Frank’s suffering finally leads him to a major revelation: “all the while he was acting like he wasn’t, he was really a man of stern morality.” What Frank discovers here is that the man of morality within himself is less a secret self than an essential self, one which he has kept in abeyance. He now sees the consequences of various wrong doings, and he regrets that he did not discover his better self earlier.
Frank’s unhappiness when he is near Helen is now much greater than it was during his earlier yearning for her, for now he contemplates the loss of what he had within his grasp and what represented change and fulfillment. In this tortured situation, Frank imagines himself swearing to Morris to a complete change in himself. Frank’s thoughts are becoming frenetic, and his imagined statement to Morris that if he ever steals again “I hope to drop dead on the spot” shows that he has learned at last about the unequivocal nature of morality: Either a man is true to his best nature or in some sense he is dead.
Frank dedicates himself to discipline and love, hoping to reconcile himself with Helen, but his rash action has destroyed all of Helen’s hopes about him and confirmed all of her suspicions about his worst nature. The morning after the assault, she showers three times before she feels cleansed of Frank’s filthiness. His single vile act has convinced her that his best qualities were fraudulent and not intrinsic. She has retreated to her mother’s identification of propriety with being Jewish, thereby abandoning much hard-won knowledge. Frank’s dream of Helen tossing him a flower that disappears as he sees her window sealed with ice identifies Helen, through the symbol of the flower, with spiritual awakening. His loss of the flower alters his whole world. Helen’s disregard of him makes him seem “as if he didn’t exist” because it judges him to be without an essential moral self.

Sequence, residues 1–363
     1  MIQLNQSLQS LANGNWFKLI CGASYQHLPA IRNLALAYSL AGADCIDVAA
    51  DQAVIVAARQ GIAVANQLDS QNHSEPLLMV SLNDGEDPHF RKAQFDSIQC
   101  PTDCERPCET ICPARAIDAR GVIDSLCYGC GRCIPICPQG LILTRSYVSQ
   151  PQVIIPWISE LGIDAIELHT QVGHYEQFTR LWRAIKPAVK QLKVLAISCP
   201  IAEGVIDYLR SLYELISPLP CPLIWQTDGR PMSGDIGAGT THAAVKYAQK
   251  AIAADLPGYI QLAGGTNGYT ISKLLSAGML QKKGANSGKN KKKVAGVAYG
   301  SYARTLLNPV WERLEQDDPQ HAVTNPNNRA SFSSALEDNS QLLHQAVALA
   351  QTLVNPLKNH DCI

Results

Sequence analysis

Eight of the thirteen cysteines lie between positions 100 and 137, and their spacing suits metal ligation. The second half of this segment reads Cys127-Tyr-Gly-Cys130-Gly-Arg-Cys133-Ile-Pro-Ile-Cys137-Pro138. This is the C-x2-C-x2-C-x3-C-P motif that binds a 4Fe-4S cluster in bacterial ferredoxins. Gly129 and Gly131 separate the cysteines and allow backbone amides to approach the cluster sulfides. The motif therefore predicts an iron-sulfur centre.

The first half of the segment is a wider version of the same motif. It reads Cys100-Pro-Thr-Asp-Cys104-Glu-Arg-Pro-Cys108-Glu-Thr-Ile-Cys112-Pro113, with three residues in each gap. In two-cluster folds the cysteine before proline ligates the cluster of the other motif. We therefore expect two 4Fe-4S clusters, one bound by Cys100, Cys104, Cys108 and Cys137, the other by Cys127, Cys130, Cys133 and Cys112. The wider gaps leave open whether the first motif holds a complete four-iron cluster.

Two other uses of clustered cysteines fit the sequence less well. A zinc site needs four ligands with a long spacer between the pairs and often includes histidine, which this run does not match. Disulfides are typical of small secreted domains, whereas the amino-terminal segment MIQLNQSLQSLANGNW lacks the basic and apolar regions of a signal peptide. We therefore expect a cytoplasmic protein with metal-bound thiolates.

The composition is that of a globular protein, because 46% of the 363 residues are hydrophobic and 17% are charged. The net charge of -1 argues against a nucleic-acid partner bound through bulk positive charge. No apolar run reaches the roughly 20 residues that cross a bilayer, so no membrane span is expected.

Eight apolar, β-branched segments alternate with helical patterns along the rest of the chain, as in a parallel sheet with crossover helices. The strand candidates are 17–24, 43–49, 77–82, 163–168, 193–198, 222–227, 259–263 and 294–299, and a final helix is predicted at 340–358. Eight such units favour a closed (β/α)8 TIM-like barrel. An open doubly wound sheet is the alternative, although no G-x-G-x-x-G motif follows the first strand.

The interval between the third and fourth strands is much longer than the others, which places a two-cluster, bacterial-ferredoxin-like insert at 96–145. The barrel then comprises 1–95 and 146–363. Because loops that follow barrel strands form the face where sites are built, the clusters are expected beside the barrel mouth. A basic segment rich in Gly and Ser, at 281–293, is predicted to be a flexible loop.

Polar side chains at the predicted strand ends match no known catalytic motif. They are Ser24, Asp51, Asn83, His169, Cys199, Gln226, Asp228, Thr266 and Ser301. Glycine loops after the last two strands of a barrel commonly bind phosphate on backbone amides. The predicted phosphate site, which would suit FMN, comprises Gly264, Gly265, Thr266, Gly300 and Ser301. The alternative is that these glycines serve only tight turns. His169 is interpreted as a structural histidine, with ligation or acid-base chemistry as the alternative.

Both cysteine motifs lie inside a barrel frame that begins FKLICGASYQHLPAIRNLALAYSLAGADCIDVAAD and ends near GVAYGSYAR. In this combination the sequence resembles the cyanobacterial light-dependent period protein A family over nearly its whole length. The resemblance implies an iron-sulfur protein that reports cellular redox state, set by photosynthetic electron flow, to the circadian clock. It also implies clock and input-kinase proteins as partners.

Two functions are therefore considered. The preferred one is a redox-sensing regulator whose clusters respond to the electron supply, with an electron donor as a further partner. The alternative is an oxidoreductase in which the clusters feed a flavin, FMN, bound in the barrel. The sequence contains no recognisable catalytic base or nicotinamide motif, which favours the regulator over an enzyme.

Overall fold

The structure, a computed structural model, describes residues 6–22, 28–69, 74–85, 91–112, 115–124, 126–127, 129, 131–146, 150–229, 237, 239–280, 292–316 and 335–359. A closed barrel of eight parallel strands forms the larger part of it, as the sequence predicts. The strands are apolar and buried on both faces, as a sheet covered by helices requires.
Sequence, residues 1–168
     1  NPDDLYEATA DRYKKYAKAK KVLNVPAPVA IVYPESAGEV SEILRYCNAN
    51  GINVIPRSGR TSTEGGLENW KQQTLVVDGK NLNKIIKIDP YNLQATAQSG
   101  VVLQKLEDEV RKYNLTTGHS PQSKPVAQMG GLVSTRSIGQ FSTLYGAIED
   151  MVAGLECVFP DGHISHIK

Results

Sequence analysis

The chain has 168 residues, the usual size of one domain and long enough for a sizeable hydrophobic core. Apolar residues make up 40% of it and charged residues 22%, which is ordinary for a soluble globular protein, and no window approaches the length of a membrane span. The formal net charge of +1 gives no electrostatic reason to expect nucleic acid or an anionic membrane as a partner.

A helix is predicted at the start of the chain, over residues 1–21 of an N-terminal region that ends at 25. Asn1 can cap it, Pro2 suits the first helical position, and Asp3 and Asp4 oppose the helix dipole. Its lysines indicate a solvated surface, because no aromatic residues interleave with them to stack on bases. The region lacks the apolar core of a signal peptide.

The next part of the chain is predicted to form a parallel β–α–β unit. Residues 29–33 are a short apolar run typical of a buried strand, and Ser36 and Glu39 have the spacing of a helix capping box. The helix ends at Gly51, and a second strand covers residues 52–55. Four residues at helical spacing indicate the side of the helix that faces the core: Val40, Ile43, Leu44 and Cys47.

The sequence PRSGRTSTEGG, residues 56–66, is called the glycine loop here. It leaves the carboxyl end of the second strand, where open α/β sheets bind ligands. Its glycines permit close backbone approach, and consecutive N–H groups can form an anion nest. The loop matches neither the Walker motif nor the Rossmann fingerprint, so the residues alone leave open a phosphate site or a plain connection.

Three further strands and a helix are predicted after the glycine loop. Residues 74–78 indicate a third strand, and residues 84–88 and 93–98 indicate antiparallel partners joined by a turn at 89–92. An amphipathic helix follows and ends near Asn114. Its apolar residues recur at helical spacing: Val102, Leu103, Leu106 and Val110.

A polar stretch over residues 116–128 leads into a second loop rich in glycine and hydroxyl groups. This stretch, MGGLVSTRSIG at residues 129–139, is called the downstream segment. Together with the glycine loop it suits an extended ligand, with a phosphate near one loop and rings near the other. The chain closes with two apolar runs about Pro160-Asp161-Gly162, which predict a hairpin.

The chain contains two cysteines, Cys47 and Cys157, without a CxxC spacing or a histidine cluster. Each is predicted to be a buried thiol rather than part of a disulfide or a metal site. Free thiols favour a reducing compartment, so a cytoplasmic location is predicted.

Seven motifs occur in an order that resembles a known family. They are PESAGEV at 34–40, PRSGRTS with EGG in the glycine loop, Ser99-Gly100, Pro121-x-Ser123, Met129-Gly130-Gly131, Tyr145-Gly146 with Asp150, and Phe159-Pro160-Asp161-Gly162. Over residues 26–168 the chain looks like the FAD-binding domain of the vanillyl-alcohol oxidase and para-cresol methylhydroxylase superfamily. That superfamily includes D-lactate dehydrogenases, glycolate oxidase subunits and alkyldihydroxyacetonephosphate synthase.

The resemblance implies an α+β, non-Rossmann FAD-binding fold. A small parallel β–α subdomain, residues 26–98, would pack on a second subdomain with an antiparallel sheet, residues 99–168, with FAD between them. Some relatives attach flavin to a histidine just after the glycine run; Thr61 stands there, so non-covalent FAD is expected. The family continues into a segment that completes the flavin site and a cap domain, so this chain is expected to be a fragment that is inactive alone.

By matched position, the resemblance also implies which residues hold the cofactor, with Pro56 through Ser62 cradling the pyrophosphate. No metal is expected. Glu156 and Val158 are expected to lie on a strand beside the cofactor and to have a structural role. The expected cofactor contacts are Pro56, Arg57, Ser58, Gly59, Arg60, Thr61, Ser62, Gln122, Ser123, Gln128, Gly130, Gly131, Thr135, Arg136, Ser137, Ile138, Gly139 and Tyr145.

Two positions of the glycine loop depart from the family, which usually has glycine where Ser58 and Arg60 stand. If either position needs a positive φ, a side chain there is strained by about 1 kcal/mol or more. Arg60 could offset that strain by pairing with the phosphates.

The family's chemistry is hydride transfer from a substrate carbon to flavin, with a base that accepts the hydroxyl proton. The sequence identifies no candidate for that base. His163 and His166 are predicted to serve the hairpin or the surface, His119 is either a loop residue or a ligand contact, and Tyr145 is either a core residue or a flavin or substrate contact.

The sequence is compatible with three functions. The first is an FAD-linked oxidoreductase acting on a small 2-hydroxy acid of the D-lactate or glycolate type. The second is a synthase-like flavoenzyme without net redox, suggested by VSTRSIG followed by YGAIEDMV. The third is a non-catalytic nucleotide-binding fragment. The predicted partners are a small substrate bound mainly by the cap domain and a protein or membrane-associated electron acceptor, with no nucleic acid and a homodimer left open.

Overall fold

Frank’s encounter with the poverty-stricken family of Carl the painter produces a spontaneous burst of compassion; now, it would seem, he has broken through his selfish veneer. His desire to relieve Carl’s family with his last three dollars shows the reverse of his impulse to steal, but his desire to help them is ironically frustrated by the return of Ward Minogue (now a symbol of Frank’s past).
As Section Seven draws to a conclusion, Frank’s physical and mental suffering are extreme. He manages the grocery all day and works all night at the cafe, but he almost revels in his misery as a source of salvation and he continues to hope for Helen’s love. He experiences his nightmarish life in the store as a kind of devotion to a prison, but it is the kind of prison without which he could not be free to be his newly discovered essential self. His determination to stay even “when the walls caved in” is again proof that he identifies endurance and suffering with the struggle to remain in life by being his best self.
Frank’s carving of a wooden bird and then a wooden rose is beautifully symbolic. These acts continue the identification of Frank and St. Francis but, more important, the bird represents Frank’s still aspiring moral sense and the flower represents his continuing hope of a complete spiritual regeneration through love for and from Helen. The bird was “shaped off balance but with a certain beauty,” a phrase which suggests Frank’s incipient moral self and also recalls the symbolic suggestions of his broken nose. The flower becomes a rose starting to bloom, which suggests that only love can complete his spiritual rebirth. Helen’s having tossed the wooden rose into the garbage symbolizes the continuation of Frank’s purgatory. If suffering is to bring him fulfillment as well as spiritual salvation, he still has much suffering to experience.